Ejaculatory duct definition is given as: It is one of two hollow tubes created by the union of the ductus deferens ampulla and the seminal vesicle excretory duct. The ducts are responsible for combining sperm in the ampulla with fluids secreted by the seminal vesicles and transferring these substances to the prostate gland. They open into the urethra about halfway through the prostate gland or the prostate ejaculatory duct obstruction.
Every ejaculatory duct is up to 2 centimetres in length and is created when the duct merges the seminal vesicle with the vas deferens. These ducts pass through the prostate at this stage and drain into the urethra of colliculus seminalis at the other end.
Semen flows through every ejaculatory duct during ejaculation, travelling through the penis to exit from the body.
The male and female ejaculatory duct representations are given below.
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One ejaculatory duct or both may become obstructed in the congenital (from birth) or acquired pathological complication called ejaculatory duct obstruction. When both the ducts are obstructed, patients are more likely to experience symptoms such as azoospermia (low sperm count) and infertility or aspermia (absence of sperm). Transurethral resection is given as the surgical procedure, which may be used to open the ducts; its goal is to make the regular ejaculation flow possible again.
Benign prostatic hyperplasia, which refers to the abnormal increase in prostate size, is the other condition, which can affect the ejaculatory ducts. Though this condition is correctable by the surgery, an ejaculatory duct could be damaged in the process by causing retrograde ejaculation.
Generally, an ejaculation follows different steps:
Plateau phase, such as an inflexion point.
The phases are similar in both men and women. However, the excitation phase available in men is very fast, and in women, it is not so immediate (normally). The plateau phase in the men is shorter also. The refractory period will be shorter in the women compared to the men. In addition, women may have multiorgasms due to this shorter refractory period.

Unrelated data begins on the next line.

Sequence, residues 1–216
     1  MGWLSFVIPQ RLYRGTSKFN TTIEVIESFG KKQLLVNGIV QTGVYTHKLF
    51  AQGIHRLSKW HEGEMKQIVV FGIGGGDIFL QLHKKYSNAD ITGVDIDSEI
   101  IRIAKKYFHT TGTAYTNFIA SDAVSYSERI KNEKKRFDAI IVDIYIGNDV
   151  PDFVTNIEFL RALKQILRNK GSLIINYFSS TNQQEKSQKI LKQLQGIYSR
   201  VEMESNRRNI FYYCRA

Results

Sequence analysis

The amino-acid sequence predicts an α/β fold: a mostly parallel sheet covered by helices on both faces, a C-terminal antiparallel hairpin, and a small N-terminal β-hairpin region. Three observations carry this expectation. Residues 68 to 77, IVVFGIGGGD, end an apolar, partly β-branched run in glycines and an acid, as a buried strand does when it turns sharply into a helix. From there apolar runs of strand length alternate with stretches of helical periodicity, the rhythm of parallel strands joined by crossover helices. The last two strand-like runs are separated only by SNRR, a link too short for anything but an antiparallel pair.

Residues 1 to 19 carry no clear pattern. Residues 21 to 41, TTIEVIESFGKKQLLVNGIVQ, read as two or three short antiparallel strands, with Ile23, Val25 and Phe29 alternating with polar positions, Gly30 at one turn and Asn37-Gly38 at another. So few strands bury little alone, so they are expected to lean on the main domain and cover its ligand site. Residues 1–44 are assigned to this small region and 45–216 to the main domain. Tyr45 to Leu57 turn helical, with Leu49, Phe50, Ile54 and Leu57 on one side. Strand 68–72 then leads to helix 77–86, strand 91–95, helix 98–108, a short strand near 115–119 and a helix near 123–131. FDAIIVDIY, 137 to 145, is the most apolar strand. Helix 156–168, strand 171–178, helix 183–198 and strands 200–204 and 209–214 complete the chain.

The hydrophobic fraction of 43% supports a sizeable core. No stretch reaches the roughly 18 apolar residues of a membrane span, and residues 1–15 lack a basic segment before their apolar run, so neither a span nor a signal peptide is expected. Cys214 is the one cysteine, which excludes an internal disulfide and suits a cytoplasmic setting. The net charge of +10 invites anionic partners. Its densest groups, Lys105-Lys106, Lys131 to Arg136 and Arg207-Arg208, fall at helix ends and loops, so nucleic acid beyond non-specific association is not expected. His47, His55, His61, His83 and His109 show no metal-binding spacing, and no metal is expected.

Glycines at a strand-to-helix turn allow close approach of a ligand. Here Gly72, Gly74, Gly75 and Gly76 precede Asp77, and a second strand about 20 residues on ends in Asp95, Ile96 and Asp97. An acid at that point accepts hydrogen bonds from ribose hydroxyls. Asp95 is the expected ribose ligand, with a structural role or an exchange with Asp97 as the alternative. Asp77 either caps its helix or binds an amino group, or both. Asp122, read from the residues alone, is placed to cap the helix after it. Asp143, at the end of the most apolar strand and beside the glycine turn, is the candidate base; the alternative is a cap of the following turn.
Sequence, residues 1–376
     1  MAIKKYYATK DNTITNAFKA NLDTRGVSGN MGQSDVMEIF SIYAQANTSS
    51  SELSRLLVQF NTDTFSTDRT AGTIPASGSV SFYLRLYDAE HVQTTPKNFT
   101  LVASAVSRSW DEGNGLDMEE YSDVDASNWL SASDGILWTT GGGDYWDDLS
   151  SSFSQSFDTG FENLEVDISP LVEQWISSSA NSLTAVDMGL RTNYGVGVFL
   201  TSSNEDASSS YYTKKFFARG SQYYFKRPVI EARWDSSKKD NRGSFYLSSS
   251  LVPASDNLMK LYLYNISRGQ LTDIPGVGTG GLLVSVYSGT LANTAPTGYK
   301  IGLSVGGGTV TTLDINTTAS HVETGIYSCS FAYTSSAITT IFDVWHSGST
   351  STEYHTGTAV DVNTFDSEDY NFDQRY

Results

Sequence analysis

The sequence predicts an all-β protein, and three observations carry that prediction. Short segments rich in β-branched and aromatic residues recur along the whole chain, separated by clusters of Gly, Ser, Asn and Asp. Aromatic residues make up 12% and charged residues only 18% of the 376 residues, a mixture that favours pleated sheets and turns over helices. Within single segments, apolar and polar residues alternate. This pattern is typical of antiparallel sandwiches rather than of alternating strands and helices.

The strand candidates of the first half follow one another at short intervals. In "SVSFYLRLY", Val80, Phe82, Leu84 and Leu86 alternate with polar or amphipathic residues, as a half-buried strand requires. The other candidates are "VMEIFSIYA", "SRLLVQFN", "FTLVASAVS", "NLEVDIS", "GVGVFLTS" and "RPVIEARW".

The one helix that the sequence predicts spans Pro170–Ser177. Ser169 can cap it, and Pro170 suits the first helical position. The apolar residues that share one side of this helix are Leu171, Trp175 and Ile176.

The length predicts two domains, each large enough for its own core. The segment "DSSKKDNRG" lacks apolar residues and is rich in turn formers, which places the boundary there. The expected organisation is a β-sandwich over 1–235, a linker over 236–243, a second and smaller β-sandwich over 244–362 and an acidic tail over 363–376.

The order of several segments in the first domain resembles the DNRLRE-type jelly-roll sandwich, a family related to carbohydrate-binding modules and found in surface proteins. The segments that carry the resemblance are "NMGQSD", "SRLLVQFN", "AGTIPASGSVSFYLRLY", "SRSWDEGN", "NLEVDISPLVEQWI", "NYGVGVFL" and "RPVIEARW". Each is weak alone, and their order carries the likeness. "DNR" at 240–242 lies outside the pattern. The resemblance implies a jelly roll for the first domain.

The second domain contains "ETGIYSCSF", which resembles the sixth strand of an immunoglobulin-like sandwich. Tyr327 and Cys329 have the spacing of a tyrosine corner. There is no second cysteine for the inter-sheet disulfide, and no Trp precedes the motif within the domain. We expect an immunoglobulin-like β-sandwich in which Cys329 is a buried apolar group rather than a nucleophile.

After the ejaculation in the vagina, most of the spermatozoa have been destroyed. Estradiol induces changes in the cervix, which will allow the entrance of spermatozoa.
Let us look at the male ejaculatory duct function, prostate and ejaculatory duct in detail.
Ejaculatory duct obstruction takes place in two stages:
the emission stage and
the expulsion stage.
Many structures of the ejaculatory duct are involved in the emission stage; contractions of the seminal vesicles, prostate gland, bulbourethral gland, and vas deferens force fluids into the prostatic urethra. The semen can be stored here until the ejaculation takes place. The seminal fluid trapped in the prostatic urethra is propelled through the penile urethra and expelled through the urinary meatus by muscles at the base of the penis contracting. The ejaculate is expelled in the spurts because of the movement of the muscles that propel it. These specific muscle contractions are related to the sensations of the orgasm for males.
Sperm is produced in the testes and enters into the ejaculatory ducts through the vas deferens. As it passes by the seminal vesicles, a fluid, which is rich in fructose, combines with the sperm. This addition will nourish the sperm to keep it motile and active. The seminal fluid then travels down the ejaculatory duct into the prostate gland, where it can be supplemented with alkaline prostatic fluid. This addition will provide the odour and texture associated with the semen. The alkalinity of the prostatic fluid helps to neutralise the acidity of the female vaginal tract, allowing sperm to survive in this harsh environment.